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TOPIC: how does "allocation" work?

how does "allocation" work? 22 Jan 2004 13:13 #7282

  • Mike
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When theatres are in competion they often end up allocating prints to the theatre. As I understand it: you get choice #1 from WB and then the other guy gets choice # 1. Is that how it works?

Michael Hurley
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Michael Hurley
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Re: how does "allocation" work? 22 Jan 2004 13:46 #7283

  • muviebuf
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In my area of Central Pennsylvania historically the split between the two major competing chains has been to alternate releases from each of the major distributors. (Chain A gets the first WB release of the year, Chain B gets the second WB of the year, Chain A gets the third WB release of the year etc. The same goes for Sony, Universal, Disney etc.) So who gets what becomes a function of the distributors release schedules. Depending on what hits and what misses, one theatre often ends up getting a string of hits and the other gets a sting of flops; then the pattern seems to reverse for a while. (At least thats the way its seems to work out over a long period of time. I understand its makes it difficult from an employee scheduling point of view.)
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Re: how does "allocation" work? 29 Jan 2004 10:26 #7284

  • Mike
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And then..... if you pass on a film where are you? A small theatre was competing against a multi and they can't take everything so there you are in allocation and you just can't cherry pick. Better than out of biz I suppose.
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Re: how does "allocation" work? 29 Jan 2004 10:42 #7285

  • muviebuf
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In my area of Central Pennsylvania the two competing chains have roughly the same number of screens. It seems to be part of the deal that everything get played right down the line. There is no "passing" on a picture. Makes the booking (if that's what you want to call it) very easy.

I do feel sorry for the managers though. Any change in a distrib's release schedule can have a major effect (e.g. one minute you are booked for Bad Boys 2, then there is a picture added or bumped and you get Gigli instead.)

[This message has been edited by muviebuf (edited January 29, 2004).]
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Re: how does "allocation" work? 29 Jan 2004 20:57 #7286

  • BECKWITH1
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Allocation is no fun for anyone in my opinion. As we were on allocation at the single screen in competition with an 8 plex you can imagine how bad that could be for us. Our allocation for the final summer was: Lizzie Maguire, Rugrats Go Wild, Sinbad and Spy Kids. In retrospect I know that we made the right decision to close the theater rather than try to survive the summer without Finding Nemo and Pirates of the Caribbean but it was one of the most difficult and emotional decisions that I have ever made. Spy Kids would have been the only one that could have helped us out.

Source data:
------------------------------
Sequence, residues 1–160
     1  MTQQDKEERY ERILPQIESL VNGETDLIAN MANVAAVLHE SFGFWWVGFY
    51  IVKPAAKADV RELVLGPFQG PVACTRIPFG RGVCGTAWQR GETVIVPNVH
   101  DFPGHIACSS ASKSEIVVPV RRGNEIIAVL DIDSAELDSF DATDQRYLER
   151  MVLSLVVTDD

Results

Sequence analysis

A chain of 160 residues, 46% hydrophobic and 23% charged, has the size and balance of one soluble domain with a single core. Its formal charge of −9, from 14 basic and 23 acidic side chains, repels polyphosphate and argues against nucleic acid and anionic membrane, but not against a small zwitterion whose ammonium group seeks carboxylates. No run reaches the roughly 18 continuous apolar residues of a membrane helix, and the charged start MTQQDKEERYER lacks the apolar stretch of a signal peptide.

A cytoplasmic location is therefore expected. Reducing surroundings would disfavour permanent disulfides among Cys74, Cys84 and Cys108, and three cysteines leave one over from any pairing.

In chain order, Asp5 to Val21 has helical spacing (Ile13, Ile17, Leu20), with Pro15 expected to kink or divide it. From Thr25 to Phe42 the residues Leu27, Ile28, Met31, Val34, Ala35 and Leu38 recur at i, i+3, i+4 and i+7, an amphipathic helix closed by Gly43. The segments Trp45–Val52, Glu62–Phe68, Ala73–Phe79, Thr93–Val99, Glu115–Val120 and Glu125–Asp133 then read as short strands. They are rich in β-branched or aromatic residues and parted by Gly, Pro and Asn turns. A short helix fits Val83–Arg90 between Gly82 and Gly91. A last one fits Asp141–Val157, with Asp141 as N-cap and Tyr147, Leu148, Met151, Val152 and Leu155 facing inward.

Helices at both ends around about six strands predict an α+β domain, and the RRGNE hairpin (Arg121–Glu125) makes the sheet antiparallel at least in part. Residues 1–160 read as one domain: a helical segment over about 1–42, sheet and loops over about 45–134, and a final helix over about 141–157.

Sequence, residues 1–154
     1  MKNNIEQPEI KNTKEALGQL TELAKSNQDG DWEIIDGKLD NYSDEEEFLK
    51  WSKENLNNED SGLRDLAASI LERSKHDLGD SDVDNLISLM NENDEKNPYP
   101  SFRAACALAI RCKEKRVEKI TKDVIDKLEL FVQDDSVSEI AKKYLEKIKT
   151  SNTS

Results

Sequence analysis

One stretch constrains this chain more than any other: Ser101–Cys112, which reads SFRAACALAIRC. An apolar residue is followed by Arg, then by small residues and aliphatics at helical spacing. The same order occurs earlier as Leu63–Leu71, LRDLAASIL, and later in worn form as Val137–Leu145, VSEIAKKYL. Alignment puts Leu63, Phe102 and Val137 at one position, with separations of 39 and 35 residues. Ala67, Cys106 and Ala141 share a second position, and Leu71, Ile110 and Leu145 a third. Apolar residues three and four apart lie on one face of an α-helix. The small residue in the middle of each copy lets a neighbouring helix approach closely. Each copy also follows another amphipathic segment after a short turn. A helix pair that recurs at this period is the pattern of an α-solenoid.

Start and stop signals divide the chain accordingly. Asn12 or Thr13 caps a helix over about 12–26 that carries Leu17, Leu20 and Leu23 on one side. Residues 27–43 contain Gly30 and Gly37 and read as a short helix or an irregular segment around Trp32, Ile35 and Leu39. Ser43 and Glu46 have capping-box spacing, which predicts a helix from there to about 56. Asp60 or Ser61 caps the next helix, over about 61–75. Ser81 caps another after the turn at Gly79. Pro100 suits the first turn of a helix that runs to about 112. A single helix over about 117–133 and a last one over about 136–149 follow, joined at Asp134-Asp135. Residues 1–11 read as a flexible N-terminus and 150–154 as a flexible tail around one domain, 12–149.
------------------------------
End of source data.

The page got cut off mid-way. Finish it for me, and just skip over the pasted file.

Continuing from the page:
A very important point about allocation is that there is almost no way to exit the contract earlier than 4 weeks even if the movie is a dog because they have the leverage to say that it could have been run at the other theater. Sinbad would have killed us.

We could have given up and gone back to moveover but we had no desire to go backwards after fighting so hard for so long. People here have let us know that they do not wait to see movies until they become available on moveover. Our theater is now a church.
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Re: how does "allocation" work? 30 Jan 2004 02:30 #7287

  • Mike Spaeth
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Having worked in an allocation situation 8 screens vs. 8 screens - Moviebuf- you are wrong - the films don't just bounce back and forth. That's a simplistic way of describing it - but the BBII/Gigli example is wrong. Usually, they allocate 3 months or so at a time, saying Theatre A will play Bad Boys II & Gigli, while Theatre B will play S.W.A.T. & Daddy Day Care. Once an allocation is made, unless the other guy passes on a picture, it's pretty much set in stone. A lot of factors go into it, such as a theatre's gross potential, etc`.
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Re: how does "allocation" work? 30 Jan 2004 04:03 #7288

  • CharlieBo
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Yeah Mike-in my experience,the distribs try to balance pretty fairly.Unless one theatre in the zone is REALLY a better house.Then he gets the advantage.Allocation is MUCH better than the old BIDDING situation,but maybe not as good as the old "illegal"splitting situation.
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Re: how does "allocation" work? 30 Jan 2004 11:40 #7289

  • MoovieFan
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Make sure when taking your allocations that you document closely the conversations if a promise was made for a big film coming up, in lew of a film you should have recieved. I have had to repeat a few conversations where this was a problem and was worked out.
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